If you could give your child a vaccine that would undeniably reduce the risk of certain types of cancer, would you do it? Of course you would, especially if you were assured by your board-certified pediatrician that the vaccine was effective and safe. But in the United States, two vaccines — Gardasil and Cervatrix — that prevent cervical cancer in women, penile cancer in men, and oral (tongue and throat) cancer in both men and women have still not caught on after first becoming available 10 years ago. Why that is continues to confound public health experts and pediatricians.

Human papillomavirus (HPV) is an infection transmitted by any sexual contact, including simple skin-to-skin touching. The most common sexually-transmitted infection in humans, it is very contagious, resulting in more than 14 million infections annually, mostly in teenagers and young adults. Most often, infection results in no symptoms. But many HPV infections result in genital warts, which are uncomfortable, embarrassing, and often painful to treat. (All warts, by the way, are caused by viruses.) The cancers caused by this virus are no fun, either. According to the CDC, HPV-caused cancers are common and deadly:

Every year, over 27,000 women and men are affected by a cancer caused by HPV— that’s a new case every 20 minutes.

Persistent HPV infection can cause cervical and other cancers including:

  • Cervical cancer: The most common HPV cancer. Almost all cervical cancer is caused by HPV.
  • Vulvar cancer: About 69% are linked to HPV.
  • Vaginal cancer: About 75% are linked to HPV.
  • Penile cancer: About 63% are linked to HPV.
  • Anal cancer: About 91% are linked to HPV.
  • Cancer of the back of the throat: About 72% are linked to HPV.


In 2012, more than 12,000 American women were diagnosed with cervical cancer; one-third (4,074) of cervical cancer patients died. Globally, death rates from cervical cancer are even  higher.

Who wouldn’t want a safe and effective vaccine to prevent this scourge? Many American parents, answers Jan Hoffman:

Despite the vaccine’s proven effectiveness, immunization rates remain low — about 40 percent of girls and 20 percent of boys between the ages of 13 and 17. That is partly because of the implicit association of the vaccine with adolescent sexual activity, rather than with its explicit purpose: cancer prevention. Only Virginia, Rhode Island and the District of Columbia require the HPV vaccine.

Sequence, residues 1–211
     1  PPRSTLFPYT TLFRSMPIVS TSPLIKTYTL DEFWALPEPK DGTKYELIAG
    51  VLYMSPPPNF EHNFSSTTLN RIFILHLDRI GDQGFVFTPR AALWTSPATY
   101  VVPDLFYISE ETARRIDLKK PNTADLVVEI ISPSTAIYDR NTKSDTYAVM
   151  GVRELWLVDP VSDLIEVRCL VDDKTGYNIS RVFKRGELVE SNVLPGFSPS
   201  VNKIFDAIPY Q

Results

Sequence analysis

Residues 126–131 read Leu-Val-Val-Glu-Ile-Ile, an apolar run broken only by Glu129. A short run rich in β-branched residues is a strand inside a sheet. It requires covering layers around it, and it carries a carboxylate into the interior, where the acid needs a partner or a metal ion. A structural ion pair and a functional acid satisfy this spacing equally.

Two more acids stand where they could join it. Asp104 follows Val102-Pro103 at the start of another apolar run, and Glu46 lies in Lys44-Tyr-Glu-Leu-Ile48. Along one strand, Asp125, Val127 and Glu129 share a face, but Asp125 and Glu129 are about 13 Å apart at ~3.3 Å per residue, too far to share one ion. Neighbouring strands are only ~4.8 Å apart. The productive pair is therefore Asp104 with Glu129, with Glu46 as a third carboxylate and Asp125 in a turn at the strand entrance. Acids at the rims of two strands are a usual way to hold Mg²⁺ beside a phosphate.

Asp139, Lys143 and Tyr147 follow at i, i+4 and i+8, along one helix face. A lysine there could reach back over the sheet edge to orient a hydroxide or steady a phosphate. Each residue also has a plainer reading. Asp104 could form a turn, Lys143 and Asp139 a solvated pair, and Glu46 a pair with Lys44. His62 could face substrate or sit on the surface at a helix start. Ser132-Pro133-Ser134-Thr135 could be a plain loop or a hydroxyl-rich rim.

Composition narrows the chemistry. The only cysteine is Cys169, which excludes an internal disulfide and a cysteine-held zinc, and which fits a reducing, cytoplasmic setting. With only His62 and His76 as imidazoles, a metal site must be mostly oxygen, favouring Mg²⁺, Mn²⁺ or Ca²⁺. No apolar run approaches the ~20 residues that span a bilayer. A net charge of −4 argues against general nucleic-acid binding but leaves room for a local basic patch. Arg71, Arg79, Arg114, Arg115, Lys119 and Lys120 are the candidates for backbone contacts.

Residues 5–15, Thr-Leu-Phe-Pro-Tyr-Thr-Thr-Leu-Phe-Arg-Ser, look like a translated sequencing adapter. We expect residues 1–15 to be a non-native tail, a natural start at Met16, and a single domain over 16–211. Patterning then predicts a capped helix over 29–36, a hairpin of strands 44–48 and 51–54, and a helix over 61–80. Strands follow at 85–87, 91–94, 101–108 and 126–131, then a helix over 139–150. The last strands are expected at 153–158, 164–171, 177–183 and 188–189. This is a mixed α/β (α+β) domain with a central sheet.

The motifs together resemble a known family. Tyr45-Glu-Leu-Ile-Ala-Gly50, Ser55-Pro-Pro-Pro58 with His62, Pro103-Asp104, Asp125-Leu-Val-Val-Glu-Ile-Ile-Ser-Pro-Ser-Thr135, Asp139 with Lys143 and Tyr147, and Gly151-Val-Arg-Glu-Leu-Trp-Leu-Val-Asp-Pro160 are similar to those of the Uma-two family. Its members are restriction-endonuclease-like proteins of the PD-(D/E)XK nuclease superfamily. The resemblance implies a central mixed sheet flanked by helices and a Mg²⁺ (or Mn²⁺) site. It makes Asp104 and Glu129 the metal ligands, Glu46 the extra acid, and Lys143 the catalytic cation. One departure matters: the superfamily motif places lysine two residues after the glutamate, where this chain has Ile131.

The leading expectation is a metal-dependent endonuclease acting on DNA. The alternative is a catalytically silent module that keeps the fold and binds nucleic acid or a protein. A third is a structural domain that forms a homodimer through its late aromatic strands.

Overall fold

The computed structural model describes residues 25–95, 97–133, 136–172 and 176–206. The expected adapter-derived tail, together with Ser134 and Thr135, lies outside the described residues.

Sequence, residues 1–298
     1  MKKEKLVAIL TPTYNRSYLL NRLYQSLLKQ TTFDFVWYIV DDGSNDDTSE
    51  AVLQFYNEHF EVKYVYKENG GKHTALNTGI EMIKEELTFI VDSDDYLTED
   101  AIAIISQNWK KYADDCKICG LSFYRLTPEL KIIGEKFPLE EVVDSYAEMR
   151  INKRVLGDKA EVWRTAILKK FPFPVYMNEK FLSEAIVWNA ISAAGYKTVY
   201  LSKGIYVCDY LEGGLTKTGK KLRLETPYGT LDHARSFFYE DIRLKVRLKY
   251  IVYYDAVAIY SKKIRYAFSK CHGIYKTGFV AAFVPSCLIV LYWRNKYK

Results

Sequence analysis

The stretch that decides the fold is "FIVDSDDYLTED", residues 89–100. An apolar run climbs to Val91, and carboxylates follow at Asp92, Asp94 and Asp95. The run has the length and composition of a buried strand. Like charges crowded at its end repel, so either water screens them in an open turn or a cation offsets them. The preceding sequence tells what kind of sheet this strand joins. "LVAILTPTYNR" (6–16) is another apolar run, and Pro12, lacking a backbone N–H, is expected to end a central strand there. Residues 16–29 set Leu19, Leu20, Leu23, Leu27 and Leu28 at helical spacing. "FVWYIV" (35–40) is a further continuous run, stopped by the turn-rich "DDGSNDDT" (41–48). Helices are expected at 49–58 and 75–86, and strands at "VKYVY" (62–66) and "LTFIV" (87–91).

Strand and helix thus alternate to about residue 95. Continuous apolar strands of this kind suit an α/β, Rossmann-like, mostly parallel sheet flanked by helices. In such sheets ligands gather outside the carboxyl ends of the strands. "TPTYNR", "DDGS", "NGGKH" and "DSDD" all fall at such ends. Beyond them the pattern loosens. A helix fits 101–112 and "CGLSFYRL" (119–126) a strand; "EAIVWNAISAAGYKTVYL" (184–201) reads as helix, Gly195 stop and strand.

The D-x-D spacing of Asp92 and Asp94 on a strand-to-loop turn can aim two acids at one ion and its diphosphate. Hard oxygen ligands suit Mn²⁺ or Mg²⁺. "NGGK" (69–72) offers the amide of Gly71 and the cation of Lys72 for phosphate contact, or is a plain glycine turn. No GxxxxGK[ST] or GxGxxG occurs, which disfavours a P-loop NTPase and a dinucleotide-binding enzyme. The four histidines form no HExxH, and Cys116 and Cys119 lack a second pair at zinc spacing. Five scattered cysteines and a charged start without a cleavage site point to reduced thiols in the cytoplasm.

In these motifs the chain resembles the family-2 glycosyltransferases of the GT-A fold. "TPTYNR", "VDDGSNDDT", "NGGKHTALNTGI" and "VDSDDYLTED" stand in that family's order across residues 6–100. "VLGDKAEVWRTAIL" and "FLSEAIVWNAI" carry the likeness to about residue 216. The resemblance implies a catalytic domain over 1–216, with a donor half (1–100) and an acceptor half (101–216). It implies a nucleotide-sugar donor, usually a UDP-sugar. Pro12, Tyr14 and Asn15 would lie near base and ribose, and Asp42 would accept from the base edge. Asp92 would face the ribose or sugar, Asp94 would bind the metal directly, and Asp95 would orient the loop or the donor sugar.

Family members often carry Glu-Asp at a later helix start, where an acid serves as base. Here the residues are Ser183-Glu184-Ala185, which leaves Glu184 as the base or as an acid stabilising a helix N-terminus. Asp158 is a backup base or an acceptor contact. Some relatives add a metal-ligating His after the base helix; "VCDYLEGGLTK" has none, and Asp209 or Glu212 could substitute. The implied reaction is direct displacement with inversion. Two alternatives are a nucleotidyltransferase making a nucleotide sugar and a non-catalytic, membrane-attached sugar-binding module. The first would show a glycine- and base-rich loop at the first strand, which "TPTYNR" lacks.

Recent efforts have focused on recommending the vaccine for children ages 11 and 12, when their immune response is more robust than that of teenagers and when most states require two other vaccines — one for tetanus, diphtheria and pertussis, and the other for meningococcal disease. The immunization rates for those vaccines are 80 percent and higher.


Contrasted to some other countries, these low HPV immunization rates are extraordinary and abysmal, unprecedented in our nation’s medical history. Rwanda’s immunization rate against HPV is 93%. Rwanda!

A new study, published this month in Pediatrics, demonstrates the high efficacy of HPV vaccine. Despite such low vaccination rates in the U.S., Alice Park says immunizing teenagers has so far been extremely effective:

Now, in a study published in Pediatrics, Dr. Lauri Markowitz and her colleagues show how critical the vaccine can be to health. They report that rates of HPV infection among teens ages 14 to 19 dropped by 64% six years after the shot was recommended, and by 34% among people ages 20 to 24.

What’s interesting about the decline, says Markowitz, is that it’s much larger than she would have expected given the relatively low rates of HPV vaccination…

It will take at least a decade or more before researchers can see whether the HPV vaccine is helping to lower cervical cancer rates, since that cancer generally doesn’t develop until mid-life. But there are hopeful signs that with lower infection rates, lower cancer rates will follow. Already, other studies have found declines in genital warts and drops in precancerous lesions in the cervix. “HPV is one of the most effective vaccines we have in our immunization program,” says Markowitz. “If we had higher coverage, we would have even more impact.”


More information on The PediaBlog about HPV infections and protection with HPV vaccines here.


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